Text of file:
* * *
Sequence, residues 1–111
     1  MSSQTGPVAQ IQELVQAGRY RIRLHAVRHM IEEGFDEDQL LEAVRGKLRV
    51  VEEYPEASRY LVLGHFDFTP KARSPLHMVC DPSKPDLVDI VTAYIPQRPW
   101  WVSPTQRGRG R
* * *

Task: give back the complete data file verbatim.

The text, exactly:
Sequence, residues 1–111
     1  MSSQTGPVAQ IQELVQAGRY RIRLHAVRHM IEEGFDEDQL LEAVRGKLRV
    51  VEEYPEASRY LVLGHFDFTP KARSPLHMVC DPSKPDLVDI VTAYIPQRPW
   101  WVSPTQRGRG R